BlackBerry Blowout: Storm vs. Bold vs. Curve 8900

Joshua Topolsky
J. Topolsky|02.05.09

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BlackBerry Blowout: Storm vs. Bold vs. Curve 8900

We decided to take the most recent 'Berrys -- the Curve 8900, Bold, and Storm -- and toss them into a big pile. What would happen? Do they get along? What kind of bruised egos would we see? Read on for our innermost thoughts.

After careful consideration, our takeaway here is that the Bold feels like the odd man out in terms of design direction for the company. It's clear that the Curve and Storm represent the new look for RIM's phones, while the Bold -- however handsome you may find it -- comes off as a bit out of shape and chintzy in comparison. The plastic metal bezel seems cheap by comparison to the Curve's similarly styled (yet refined) implementation, which bares more than just a passing resemblance to the Storm.

Still, all things being the same we thought that the UI response time was faster and more precise on the Bold (when compared directly with the Curve). We actually found the trackball movement with the same settings to be less accurate on-screen, though what the cause could be is anyone's guess. The pixel density on the Curve is considerably tighter in comparison to the Bold, and it borrows some of the Storm's UI tweaks, though doesn't improve on the Bold's abysmal browser (as we noted in our review).

Between the three phones, there's a noticeable difference in display color temperature, much like we saw with the iPhone and iPhone 3G -- the Storm and Curve have a noticeably "yellower" hue than the Bold. It's difficult to say if one is better than the other, but the blacks seemed more defined on the latter two phones.

The keyboard differences on the Curve and Bold are also noticeable, and puzzling. The Bold very much subscribes to RIM's 8800 design, with some spacing and font changes, while the Curve relies on the split key design used on previous models (hello 8300!) which we find is actually easier to type on. Regardless, our resident BlackBerry fanatic, Jacob, claims that Curve keyboards hurt to type on after prolonged use -- we have yet to experience this damaging side effect.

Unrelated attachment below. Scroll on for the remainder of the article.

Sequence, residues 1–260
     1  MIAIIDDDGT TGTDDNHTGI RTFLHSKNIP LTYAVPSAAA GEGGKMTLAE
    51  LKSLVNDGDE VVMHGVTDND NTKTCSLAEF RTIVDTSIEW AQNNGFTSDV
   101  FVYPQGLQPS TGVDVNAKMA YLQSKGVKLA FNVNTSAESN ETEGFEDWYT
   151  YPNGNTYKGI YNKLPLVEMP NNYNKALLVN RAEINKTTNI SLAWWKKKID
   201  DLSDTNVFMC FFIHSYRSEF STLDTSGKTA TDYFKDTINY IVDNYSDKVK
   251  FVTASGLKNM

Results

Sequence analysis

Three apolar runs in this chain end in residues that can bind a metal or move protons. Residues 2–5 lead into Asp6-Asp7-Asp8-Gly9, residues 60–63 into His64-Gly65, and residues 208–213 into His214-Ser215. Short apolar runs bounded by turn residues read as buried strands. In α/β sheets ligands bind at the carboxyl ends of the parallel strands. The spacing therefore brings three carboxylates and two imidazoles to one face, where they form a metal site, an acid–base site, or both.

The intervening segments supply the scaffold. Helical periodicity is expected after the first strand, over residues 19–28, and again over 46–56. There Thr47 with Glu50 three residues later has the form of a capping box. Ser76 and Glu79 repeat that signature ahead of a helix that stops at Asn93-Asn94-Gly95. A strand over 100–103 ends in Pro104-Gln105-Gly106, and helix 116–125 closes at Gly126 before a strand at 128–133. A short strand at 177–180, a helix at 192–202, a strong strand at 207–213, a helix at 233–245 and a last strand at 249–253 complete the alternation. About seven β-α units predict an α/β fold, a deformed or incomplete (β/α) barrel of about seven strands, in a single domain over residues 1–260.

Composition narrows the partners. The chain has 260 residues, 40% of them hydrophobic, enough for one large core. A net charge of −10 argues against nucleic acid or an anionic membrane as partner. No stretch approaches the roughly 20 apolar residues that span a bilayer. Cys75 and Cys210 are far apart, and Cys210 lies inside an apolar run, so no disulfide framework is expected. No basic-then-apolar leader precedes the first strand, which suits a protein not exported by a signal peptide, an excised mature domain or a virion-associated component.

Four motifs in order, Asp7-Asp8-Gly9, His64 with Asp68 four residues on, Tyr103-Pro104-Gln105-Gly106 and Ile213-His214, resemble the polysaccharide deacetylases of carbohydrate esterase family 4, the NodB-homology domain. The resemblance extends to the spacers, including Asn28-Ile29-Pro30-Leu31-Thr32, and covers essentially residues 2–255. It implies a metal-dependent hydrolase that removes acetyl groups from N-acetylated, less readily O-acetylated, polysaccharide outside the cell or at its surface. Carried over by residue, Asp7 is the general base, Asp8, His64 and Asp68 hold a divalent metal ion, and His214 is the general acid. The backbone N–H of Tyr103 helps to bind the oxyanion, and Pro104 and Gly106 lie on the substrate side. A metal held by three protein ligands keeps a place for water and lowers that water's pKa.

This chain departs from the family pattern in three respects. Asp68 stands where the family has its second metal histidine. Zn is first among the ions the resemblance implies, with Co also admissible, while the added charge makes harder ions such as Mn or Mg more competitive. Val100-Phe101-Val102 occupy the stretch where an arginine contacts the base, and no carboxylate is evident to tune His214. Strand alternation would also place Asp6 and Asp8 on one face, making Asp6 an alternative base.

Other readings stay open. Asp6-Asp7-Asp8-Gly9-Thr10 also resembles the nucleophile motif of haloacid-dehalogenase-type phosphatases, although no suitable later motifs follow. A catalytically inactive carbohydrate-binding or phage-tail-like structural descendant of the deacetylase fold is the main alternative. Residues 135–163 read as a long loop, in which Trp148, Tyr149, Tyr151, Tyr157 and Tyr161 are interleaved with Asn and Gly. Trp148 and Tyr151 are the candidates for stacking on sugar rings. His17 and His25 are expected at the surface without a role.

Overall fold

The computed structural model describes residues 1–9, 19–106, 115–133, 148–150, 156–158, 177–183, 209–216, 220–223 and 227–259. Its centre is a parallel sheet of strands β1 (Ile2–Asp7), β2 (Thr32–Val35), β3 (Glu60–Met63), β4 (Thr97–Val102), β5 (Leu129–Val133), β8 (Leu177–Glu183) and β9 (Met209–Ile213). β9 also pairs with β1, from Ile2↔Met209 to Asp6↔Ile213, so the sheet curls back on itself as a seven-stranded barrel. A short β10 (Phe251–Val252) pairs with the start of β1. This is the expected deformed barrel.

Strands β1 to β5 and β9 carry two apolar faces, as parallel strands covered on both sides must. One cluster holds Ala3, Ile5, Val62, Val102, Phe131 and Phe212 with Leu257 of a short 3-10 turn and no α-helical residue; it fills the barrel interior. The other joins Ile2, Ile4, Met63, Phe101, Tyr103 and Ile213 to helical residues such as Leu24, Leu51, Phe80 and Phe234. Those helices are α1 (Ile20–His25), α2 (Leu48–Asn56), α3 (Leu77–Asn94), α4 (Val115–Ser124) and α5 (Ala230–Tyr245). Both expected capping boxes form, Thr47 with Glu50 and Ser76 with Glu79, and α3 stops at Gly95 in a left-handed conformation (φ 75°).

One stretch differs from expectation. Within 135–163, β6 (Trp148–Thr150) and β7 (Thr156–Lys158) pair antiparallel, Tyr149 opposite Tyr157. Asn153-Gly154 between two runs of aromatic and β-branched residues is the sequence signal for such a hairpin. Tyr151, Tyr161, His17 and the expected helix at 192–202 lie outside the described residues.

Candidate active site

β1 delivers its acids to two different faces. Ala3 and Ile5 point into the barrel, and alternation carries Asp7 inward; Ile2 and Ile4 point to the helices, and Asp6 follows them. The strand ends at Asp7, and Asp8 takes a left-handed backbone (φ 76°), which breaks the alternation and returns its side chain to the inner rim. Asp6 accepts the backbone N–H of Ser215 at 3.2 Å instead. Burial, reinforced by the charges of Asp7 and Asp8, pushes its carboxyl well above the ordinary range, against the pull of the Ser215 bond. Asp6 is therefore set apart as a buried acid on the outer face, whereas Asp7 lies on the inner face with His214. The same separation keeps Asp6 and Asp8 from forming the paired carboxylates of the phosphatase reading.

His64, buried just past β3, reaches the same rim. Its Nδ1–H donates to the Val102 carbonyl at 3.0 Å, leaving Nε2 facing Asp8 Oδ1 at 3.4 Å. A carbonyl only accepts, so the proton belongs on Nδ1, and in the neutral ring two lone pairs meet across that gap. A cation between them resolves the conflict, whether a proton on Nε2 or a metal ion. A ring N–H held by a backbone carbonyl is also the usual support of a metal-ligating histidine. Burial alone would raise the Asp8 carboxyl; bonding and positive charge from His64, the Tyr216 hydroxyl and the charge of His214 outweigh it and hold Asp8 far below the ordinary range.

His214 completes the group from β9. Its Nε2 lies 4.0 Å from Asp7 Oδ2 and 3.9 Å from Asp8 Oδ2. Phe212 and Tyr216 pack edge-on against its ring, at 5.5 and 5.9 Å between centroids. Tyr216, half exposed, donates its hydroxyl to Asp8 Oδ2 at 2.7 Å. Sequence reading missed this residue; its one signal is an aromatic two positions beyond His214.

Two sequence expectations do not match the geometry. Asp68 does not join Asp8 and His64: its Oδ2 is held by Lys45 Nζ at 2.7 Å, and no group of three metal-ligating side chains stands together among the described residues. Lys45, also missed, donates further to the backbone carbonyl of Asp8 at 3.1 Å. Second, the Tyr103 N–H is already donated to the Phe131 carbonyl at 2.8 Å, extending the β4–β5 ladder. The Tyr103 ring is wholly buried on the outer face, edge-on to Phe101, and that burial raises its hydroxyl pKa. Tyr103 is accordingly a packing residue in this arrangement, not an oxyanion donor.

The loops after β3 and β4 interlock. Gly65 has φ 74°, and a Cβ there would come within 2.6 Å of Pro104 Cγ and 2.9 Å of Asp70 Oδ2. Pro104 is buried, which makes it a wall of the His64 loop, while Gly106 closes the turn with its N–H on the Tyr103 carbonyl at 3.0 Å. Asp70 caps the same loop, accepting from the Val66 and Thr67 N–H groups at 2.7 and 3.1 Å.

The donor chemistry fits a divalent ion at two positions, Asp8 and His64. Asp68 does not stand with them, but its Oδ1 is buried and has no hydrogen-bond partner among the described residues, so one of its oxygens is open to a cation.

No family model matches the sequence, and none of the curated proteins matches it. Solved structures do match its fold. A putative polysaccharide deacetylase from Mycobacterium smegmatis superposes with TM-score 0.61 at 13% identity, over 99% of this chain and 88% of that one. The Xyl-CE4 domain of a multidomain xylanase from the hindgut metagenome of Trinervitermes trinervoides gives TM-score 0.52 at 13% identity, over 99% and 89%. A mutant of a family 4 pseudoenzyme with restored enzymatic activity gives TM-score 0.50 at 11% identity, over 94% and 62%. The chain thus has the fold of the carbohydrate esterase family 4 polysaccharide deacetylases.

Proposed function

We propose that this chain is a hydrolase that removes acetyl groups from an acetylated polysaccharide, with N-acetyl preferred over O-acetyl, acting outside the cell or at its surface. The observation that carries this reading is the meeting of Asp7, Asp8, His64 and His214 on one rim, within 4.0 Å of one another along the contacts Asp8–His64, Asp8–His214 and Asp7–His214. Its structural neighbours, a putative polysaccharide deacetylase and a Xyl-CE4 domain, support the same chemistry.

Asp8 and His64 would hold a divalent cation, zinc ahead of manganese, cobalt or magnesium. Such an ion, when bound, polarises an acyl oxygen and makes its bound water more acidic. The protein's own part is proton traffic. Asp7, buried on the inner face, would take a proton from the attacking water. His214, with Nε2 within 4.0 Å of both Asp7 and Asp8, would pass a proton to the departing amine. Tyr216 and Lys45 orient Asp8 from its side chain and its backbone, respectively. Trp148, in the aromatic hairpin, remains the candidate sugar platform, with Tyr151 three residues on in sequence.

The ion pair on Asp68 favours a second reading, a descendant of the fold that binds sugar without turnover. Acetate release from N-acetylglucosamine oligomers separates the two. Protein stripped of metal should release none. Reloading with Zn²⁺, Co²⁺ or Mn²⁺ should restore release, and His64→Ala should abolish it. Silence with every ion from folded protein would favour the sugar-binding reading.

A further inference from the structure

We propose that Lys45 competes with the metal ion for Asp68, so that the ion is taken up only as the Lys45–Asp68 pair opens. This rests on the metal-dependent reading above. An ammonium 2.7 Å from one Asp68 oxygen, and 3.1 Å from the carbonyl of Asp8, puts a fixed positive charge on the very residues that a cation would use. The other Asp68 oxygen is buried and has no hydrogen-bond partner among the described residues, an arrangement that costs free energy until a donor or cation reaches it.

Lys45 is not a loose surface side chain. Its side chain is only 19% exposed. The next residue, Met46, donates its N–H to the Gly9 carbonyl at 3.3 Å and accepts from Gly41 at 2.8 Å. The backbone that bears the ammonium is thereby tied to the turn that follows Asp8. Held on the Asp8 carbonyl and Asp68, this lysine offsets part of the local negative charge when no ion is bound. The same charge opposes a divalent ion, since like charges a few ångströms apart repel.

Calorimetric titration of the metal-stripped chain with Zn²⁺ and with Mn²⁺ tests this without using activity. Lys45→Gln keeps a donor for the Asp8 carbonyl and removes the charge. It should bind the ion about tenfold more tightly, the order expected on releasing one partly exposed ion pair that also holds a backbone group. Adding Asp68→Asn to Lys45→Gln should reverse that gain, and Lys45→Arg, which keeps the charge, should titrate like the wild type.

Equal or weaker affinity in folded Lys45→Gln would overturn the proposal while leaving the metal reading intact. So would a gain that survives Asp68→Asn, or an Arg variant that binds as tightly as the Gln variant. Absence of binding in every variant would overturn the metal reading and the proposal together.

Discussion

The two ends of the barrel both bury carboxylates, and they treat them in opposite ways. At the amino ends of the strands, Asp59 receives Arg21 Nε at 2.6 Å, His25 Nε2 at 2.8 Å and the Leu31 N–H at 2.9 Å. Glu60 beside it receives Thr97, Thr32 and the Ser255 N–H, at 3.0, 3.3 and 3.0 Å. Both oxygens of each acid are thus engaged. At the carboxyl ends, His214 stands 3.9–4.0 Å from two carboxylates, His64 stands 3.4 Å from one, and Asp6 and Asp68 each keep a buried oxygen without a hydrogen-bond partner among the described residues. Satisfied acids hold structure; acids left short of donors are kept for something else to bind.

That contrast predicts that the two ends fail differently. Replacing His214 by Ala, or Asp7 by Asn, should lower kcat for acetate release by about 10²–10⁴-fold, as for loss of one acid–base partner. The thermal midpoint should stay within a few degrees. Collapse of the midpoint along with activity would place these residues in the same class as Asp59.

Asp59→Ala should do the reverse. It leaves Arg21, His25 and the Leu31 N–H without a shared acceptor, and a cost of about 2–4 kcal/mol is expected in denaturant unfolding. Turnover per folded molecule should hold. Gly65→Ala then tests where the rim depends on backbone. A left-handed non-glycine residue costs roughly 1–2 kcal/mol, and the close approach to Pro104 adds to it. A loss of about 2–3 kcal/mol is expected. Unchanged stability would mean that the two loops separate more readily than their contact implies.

Ultimately, you're buying into incredibly similar products here, especially between the Curve and Bold -- that's more of a carrier decision than anything else. Even with the Storm, the general experience is roughly the same (if a little more frustrating), but it's surprising to see how far RIM has moved beyond the Bold's styling in such a short period of time. One thing is clear, however: whichever phone you choose, your email is going to be totally awesome.

Further reading:

T-Mobile BlackBerry Curve 8900 review
Along with the Pearl, the Curve series represents the kinder, gentler side of BlackBerry; it's the side that appeals to consumers without sacrificing power.

BlackBerry Storm review
The Storm, a widescreen, touchscreen device boasts many of the same features as the iPhone, but adds innovations like a clickable display, and comes packed with RIM's legendary email and messaging services.
AT&T BlackBerry Bold hands-on
We've been playing with AT&T's just-launched BlackBerry Bold for a few days now, and once we got past the absolutely gorgeous display, we wanted to find out what else there was to RIM's latest QWERTY device.

Editorial: All I wanted this year was the best smartphone ever
I juggled the iPhone 3G, T-Mobile G1, and BlackBerry Bold for the last few months, desperately wishing I could merge them into one perfect device.
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